Chile Hands Over Highly Enriched Uranium To the United States
April 9, 2010 By Staff
Today in Latin America
Top Story — Chile became one of the first countries to hand over highly enriched uranium (HEU) from its nuclear reactors to the United States for safe storage. The Associated Press reported the story yesterday, the same day that President Barack Obama and Russian President Dmitri A. Medvedev signed a nuclear arms control treaty.
The U.S. will also hold a nonproliferation summit next Monday in Washington, where Obama is expected to ask countries to work with the U.S. in removing weapons-grade HEU from reactors, as Chile did.
“We are happy to see it go,” Fernando López of the Chilean Nuclear Energy Commission told The Associated Press. “Countries normally don’t want to be loaded with waste from other countries,” López added. “To put it in a safe place is valuable for everybody.”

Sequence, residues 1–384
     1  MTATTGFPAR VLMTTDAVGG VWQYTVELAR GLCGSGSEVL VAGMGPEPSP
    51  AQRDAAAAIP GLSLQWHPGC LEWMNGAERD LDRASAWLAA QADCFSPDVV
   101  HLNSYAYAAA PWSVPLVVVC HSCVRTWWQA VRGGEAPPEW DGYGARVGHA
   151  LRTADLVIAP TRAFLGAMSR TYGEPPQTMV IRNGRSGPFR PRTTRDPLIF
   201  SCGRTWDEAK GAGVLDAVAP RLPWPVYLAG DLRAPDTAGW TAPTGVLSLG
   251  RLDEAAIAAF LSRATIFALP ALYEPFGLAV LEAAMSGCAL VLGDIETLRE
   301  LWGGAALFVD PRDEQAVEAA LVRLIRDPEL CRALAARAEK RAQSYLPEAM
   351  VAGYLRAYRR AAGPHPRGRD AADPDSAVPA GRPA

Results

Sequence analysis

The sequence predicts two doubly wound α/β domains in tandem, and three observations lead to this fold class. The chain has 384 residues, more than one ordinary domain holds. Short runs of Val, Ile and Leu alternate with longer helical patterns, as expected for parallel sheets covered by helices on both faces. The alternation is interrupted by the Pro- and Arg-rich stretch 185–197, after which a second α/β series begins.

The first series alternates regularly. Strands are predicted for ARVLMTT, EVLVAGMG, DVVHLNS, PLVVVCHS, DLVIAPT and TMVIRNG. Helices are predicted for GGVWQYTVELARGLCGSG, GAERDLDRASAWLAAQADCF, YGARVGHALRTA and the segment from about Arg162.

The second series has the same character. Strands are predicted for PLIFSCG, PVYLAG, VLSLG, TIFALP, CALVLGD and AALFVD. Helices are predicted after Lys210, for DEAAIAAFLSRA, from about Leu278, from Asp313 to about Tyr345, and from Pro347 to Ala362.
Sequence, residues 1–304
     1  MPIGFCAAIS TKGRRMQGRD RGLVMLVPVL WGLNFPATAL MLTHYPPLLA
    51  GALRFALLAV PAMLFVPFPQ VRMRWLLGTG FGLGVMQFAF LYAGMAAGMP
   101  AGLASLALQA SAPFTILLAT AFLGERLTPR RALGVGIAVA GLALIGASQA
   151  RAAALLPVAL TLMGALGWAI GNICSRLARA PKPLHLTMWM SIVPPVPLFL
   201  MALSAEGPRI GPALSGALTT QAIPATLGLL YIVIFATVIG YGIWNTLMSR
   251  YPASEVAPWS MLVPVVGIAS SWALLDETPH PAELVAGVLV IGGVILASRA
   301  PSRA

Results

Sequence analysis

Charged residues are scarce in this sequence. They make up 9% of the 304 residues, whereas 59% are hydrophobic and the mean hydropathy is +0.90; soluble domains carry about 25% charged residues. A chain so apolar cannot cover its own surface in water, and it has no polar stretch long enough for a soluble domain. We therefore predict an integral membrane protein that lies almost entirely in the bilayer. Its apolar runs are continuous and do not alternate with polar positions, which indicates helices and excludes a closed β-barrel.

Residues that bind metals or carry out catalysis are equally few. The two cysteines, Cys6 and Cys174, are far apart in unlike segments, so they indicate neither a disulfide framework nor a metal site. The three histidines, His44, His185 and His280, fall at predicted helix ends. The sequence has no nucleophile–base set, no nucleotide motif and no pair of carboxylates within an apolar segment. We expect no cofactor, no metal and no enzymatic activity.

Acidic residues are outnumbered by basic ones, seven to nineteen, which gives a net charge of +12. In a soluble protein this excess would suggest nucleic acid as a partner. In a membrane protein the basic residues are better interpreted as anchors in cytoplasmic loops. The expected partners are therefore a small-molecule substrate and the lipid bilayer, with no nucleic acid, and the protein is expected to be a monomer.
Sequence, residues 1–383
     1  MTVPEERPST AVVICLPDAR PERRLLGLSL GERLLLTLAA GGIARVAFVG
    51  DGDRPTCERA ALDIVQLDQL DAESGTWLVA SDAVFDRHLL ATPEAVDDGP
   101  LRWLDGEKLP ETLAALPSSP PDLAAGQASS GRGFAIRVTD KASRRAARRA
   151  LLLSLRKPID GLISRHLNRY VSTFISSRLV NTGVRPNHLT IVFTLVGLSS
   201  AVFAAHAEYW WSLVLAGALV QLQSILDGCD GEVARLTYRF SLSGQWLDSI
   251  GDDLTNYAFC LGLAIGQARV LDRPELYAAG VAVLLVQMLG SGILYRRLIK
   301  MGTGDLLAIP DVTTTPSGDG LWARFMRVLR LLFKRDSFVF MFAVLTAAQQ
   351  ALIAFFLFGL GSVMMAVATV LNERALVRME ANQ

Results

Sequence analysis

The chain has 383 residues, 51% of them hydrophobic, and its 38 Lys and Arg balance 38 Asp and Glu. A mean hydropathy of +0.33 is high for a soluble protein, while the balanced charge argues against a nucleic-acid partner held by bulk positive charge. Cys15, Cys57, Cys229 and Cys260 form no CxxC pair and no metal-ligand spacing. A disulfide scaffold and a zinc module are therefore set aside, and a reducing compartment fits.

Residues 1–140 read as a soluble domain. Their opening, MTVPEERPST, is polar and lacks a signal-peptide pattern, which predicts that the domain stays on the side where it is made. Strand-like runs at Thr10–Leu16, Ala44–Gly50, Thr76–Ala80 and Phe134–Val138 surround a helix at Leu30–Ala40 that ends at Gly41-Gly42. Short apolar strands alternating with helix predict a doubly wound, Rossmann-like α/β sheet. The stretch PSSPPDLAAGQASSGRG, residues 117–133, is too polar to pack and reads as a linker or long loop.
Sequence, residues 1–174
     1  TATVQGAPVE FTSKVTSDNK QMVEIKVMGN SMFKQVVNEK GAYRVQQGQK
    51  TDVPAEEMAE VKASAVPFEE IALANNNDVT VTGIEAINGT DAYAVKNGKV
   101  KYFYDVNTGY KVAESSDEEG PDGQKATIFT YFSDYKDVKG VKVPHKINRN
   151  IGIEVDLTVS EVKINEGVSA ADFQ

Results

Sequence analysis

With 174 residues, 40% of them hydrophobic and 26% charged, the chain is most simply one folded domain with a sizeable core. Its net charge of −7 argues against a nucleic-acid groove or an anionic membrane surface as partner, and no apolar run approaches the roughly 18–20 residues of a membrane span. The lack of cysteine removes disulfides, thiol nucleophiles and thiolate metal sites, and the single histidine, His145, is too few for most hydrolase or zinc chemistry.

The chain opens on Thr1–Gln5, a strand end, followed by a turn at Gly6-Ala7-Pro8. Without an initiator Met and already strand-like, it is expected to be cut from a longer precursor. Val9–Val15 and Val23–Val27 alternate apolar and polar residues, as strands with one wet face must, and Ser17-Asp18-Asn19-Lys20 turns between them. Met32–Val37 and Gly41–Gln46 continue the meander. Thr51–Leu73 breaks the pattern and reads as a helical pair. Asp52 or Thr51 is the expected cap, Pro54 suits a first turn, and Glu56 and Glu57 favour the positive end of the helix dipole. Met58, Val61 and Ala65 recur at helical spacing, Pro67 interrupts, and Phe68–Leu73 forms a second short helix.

U.S. and Chilean engineers worked last month to remove the 40 pounds of HEU before it was shipped out of Chile under U.S. Coast Guard supervision, through the Panama Canal, to Charleston Weapons Station in South Carolina.
The United States is the only country in the world to dispose of uranium and many countries, including Russia, rely on the U.S. for this process. This disposal process is part of Obama’s strategy of focusing concerns of nuclear nonproliferation to rogue states and terrorists and away from former Cold War adversaries.
“For the first time, preventing nuclear proliferation and nuclear terrorism is now at the top of America’s nuclear agenda,” Obama said, according to the Associated Press.
For more information, view the AP video below.
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- Haiti’s signature rum producer, Rhum Barbancourt, is poised to resume shipping again, despite suffering about $4 million in losses from the Jan. 12 earthquake.
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Image: BlatantNews.com @ Flickr.